I always feel bad when making out a list of chores for this month. Somehow it feels like we should be taking December off, and for the most part we probably can, but just in case you didn’t finish the tasks you should have accomplished in November, here are some chores to keep you busy.
Winter protection: So far we have had a very mild December. Even this week — despite being below freezing for several nights — isn’t in any way what I would consider a hard freeze and certainly not an “Arctic blast.” But rest assured, sooner or later it will come, and we should be ready to provide a little extra protection to broadleaf evergreens like camellias, if we want to see pretty flowers in early spring. Have some kind of frost blanket ready to go if the mercury drops into the low 20 or high teens at night and doesn’t go above 32 during the day.
General cleanup: I always approach winter cleanup in stages. By now most of my perennials have been cut back, with the exception of my various varieties of maiden grasses, which have only been cut halfway back. Like roses, I follow the “hip high” in the fall and “knee high” in February rule, which is good for the plants, but also gives me a different look through the winter — sort of a transition feeling between the seasons. While I usually leave most of my leaf litter on the ground until February, this mild weather has inspired me to clean up a good portion of it already, which has had the added benefit of revealing several clumps of daffodils already breaking the surface. Yes, the cycle of rebirth continues on in the garden and it is always a cause for celebration.
Disease and insect control: Clean up all leaves under fruit trees to prevent the spread of diseases. The same holds true for roses and berries. Applying a mixture of oil and copper or sulfur works well to control scab and mildew, and is relatively nontoxic. Try and catch a dry day when it is above freezing to do your spraying.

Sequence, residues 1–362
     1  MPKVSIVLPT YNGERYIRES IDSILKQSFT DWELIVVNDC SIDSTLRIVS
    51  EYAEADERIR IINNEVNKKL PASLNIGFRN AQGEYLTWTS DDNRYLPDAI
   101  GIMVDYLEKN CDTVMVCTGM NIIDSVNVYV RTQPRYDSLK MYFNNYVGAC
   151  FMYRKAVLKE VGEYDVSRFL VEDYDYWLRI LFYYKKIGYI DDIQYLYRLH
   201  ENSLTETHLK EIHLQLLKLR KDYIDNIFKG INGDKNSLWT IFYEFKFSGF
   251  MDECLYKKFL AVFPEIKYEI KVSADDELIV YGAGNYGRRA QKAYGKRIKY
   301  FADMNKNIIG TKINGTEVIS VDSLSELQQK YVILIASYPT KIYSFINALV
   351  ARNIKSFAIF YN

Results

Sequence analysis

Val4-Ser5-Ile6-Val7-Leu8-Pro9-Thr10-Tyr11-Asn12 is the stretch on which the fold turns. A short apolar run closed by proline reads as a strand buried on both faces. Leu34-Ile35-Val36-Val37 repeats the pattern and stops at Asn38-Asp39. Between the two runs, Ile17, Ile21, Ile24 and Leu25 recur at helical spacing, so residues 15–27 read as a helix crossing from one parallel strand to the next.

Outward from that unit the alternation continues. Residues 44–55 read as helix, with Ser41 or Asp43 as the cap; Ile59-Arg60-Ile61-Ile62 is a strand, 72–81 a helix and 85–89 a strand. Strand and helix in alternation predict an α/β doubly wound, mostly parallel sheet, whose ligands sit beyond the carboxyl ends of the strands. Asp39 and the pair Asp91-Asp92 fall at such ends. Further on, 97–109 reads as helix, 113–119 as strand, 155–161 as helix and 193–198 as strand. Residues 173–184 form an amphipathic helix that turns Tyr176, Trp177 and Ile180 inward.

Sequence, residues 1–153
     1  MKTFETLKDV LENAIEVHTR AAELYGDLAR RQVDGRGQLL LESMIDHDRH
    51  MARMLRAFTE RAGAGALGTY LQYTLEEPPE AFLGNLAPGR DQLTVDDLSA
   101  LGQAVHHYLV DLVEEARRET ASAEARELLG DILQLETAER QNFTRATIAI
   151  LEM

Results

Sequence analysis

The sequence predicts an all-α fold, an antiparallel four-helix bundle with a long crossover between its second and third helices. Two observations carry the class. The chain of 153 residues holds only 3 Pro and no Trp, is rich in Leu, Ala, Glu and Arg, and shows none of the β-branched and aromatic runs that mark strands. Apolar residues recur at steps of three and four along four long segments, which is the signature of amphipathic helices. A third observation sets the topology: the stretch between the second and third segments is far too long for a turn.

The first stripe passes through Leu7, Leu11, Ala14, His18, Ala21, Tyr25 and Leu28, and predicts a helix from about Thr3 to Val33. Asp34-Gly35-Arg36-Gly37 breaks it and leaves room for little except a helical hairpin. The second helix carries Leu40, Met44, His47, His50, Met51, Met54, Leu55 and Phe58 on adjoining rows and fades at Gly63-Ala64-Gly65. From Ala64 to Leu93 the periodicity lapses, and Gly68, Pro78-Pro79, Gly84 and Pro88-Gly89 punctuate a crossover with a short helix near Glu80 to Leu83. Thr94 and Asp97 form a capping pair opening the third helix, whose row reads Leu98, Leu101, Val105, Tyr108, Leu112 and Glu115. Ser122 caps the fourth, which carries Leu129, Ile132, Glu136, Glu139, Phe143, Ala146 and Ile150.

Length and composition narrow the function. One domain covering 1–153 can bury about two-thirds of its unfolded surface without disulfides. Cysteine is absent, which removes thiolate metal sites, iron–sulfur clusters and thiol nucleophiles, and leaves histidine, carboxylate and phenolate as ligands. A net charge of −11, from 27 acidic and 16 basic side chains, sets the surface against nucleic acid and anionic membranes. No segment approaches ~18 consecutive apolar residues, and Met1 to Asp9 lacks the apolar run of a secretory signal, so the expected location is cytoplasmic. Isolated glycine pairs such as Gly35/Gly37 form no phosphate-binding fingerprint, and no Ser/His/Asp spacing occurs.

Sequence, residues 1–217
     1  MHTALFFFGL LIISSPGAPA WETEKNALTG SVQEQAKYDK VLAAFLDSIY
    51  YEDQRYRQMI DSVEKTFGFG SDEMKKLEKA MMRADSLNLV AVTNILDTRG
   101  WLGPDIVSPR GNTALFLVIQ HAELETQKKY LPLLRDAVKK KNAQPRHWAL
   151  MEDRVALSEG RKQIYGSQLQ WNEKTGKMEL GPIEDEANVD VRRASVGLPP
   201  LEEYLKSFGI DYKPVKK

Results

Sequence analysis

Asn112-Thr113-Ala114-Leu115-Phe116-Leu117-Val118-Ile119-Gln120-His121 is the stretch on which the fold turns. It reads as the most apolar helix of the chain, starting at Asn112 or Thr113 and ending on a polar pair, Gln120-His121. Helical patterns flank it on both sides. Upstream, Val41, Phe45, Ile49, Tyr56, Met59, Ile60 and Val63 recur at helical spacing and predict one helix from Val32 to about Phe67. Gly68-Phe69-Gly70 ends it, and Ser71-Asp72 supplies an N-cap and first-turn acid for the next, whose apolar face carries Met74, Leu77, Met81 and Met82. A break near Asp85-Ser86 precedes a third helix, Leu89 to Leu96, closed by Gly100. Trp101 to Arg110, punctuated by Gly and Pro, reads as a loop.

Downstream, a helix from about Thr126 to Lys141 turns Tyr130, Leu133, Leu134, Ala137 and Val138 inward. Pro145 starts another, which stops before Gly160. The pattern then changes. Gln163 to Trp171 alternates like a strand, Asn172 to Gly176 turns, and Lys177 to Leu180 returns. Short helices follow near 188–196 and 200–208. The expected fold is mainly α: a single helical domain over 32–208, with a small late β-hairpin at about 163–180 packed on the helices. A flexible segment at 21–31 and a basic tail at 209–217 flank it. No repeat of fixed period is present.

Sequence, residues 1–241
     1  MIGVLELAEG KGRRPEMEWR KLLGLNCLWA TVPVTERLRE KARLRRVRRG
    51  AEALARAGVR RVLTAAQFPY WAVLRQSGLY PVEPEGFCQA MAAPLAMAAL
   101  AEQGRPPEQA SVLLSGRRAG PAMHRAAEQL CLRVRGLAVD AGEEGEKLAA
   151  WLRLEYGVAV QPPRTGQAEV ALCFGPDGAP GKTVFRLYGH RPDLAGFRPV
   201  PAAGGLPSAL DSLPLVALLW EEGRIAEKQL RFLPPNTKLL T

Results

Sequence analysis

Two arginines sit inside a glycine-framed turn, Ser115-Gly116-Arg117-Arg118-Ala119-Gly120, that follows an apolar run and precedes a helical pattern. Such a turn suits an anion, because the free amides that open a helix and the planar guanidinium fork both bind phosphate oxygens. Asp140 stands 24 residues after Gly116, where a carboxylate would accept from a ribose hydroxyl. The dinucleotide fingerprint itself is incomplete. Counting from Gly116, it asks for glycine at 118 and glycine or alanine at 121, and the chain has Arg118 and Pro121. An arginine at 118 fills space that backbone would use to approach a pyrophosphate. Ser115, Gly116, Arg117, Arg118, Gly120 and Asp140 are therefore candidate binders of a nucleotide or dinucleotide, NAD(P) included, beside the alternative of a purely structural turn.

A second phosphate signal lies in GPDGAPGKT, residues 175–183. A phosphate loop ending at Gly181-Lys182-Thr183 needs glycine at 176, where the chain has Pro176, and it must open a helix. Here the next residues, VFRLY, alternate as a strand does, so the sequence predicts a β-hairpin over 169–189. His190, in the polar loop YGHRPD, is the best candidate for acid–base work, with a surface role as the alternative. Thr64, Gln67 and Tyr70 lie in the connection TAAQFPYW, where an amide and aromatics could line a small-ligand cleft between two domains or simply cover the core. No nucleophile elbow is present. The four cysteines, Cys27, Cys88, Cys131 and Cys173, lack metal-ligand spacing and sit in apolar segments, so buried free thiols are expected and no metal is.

Pruning: Again, I save the “knee high” type of pruning until February, but if you have a limb that is slapping you in the face every time you go out the front door, then for Pete’s sake, cut it off!
Lawns: I know Seattle’s gardening guru, Cisco Morris, recommends a synthetic fertilizer this time of year because it is faster acting, but because I like to follow the KISS approach to gardening (Keep It Simple Stupid), I stick with my “one size fits all” organic lawn food, and it seems to work just fine. Watch for moles this month, apply lime to sweeten the soil and stay off the turf when it is frozen.
Weed management: Now is the time to literally nip weeds in the bud. Remove them with a stirrup hoe — my favorite weeding tool — before they get too big and go to seed. Once the ground is clean, apply a “weed preventer” (this is a product that keeps weed seeds from germinating, but doesn’t bother plants that are already growing), and then spread a 1-inch layer of compost.
Winter interest: Yes, we can plant all year long in our mild marine climate. Take a trip to the garden center to discover a whole new and exciting palette of plants that will liven up your garden through the winter. It may be just what you need to keep yourself from experiencing the winter blues.
Steve Smith is the owner of Sunnyside Nursery in Marysville and can be reached at email@example.com.